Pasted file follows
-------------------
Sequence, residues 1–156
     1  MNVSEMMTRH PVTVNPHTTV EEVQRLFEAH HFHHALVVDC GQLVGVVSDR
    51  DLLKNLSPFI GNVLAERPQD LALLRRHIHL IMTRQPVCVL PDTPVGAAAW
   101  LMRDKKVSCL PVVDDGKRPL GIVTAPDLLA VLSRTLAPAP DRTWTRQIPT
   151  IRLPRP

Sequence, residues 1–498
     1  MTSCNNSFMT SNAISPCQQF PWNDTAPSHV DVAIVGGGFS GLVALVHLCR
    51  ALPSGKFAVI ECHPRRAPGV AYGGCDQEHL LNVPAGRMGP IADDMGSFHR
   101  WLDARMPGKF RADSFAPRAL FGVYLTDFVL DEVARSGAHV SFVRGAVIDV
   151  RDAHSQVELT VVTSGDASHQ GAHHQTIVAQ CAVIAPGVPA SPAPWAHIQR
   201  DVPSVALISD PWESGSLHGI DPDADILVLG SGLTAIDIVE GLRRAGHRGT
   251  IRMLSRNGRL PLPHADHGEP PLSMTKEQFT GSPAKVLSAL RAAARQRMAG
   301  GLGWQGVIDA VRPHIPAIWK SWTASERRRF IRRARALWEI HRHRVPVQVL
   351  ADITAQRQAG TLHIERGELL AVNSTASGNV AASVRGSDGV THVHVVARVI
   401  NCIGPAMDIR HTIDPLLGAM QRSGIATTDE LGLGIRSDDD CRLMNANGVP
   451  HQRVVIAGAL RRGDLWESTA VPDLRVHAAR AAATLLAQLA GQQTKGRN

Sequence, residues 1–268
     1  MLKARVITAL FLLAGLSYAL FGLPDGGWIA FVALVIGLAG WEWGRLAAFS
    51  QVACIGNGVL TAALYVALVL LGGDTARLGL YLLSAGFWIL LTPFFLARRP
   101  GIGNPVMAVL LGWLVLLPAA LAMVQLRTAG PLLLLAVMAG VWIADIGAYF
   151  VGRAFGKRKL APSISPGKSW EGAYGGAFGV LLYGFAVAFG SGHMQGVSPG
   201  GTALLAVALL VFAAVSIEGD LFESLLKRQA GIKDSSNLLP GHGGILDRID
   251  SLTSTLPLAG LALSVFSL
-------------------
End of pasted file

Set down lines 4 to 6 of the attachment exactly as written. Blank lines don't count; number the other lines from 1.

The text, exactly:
   101  LMRDKKVSCL PVVDDGKRPL GIVTAPDLLA VLSRTLAPAP DRTWTRQIPT
   151  IRLPRP

Sequence, residues 1–498